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Monica Robins breaks silence on secret she’s been keeping since brain surgery

Monica lost her hair after having surgery. She wants other women in similar circumstances to know they are not alone and that there are options.

CLEVELAND — If you think hair loss only affects men, you’d be mistaken. Half of all women will experience hair loss too. The causes vary from hormones, age, childbirth to even hairstyles.

Medical hair loss is also a common cause. It’s well known that chemotherapy can cause hair loss, but there are other conditions too. Such as thyroid disorders, alopecia and even severe stress.

But in my case, I lost hair after my surgery. It’s one part of my recovery from a brain tumor that I haven’t shared until now. By doing so, I hope that other women dealing with the same issue will know that they are not alone and there are options they might consider.

At first, when my surgeon stitched me up with 51 staples I was shocked at how little they had to shave my head for brain surgery. But my relief was short lived. Instead of growing back in, over the weeks, my hair fell out in the front part of my head leaving a gaping bald spot.

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I managed to hide it using the hair I still had and making my part a little further over. But to go back to work, I had to have a better plan in place. Also I knew in spite of my best efforts, mother nature would give up my secret on a windy live shot.

I thought Hair and Scalp Specialist Jeffrey Paul may have an answer. I’d done stories before on his 3-D hair pieces, but little did I know I’d come back to him for personal help.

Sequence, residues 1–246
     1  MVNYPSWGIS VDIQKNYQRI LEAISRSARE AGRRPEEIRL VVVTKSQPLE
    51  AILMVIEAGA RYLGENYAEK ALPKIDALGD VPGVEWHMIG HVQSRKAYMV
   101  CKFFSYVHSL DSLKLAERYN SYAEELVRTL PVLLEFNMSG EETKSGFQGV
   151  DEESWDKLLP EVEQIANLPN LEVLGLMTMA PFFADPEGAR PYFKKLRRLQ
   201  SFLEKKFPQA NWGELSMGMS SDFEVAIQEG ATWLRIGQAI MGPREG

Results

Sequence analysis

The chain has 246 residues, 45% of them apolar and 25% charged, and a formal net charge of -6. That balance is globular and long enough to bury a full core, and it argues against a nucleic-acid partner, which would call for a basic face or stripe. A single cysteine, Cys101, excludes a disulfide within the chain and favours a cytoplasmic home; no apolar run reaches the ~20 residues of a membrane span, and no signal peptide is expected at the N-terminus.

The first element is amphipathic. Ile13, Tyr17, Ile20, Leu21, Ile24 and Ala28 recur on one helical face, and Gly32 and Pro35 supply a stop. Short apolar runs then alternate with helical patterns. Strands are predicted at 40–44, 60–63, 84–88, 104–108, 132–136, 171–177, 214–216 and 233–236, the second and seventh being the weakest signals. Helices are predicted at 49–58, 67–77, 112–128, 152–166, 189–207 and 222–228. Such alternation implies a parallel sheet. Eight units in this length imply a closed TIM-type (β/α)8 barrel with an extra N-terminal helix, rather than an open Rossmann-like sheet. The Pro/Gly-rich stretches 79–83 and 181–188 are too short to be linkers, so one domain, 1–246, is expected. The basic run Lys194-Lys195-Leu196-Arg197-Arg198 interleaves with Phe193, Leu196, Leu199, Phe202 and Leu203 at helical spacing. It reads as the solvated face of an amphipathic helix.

Paul is familiar with creating what’s known as hair prosthetics for medical hair loss. Patients who lose patches and don’t need an entire wig.

“It’s not even designed in a factory, it’s designed in a laboratory for your need and that’s a prosthetic,” Paul says.

They color matched my hair and the piece would be attached to my head with medical adhesive for 21 days at a time.

“Anytime that you’re attaching hair to areas that are not any longer hair bearing or partially bearing like yours that’s a prosthetic, it needs a breathable membrane, it needs something that allows adhesive to be adhered to it and the kind of adhesive that is medically approved,” Paul says.

I can shower, swim and treat it like my own. But I need to care for it differently using a five step hair system that includes protein and conditioners. What’s more important, my own hair can grow underneath.

“What we’ve created is a lace liner so that the hairs have been hand tied to that to get very natural hair,” Paul says.

The piece is made from real human hair and during each visit it’s removed and cleaned and my scalp is cleaned and prepped too. As my hair grows, the pieces are made smaller to cover less area. I don’t know if all of my hair will grow back, but having this gives me piece of mind that at least I have some coverage.

“There is more available in hair today than there ever has been and it’s just getting the right one for you and that’s where the consultation becomes so important,” Paul says.

Paul and other specialists like him are fighting to get hair prosthetics for medical hair loss covered by insurance and they even managed to get an insurance code, but as of now it’s an uphill battle in cases like mine. But I’ll let you know if I get anywhere with my insurance.

Cost depends on what you need and the size you need covered so each case is different. But Paul adds it’s important to at least talk to a specialist because going with a store bought wig could actually do damage to fragile hair follicles.

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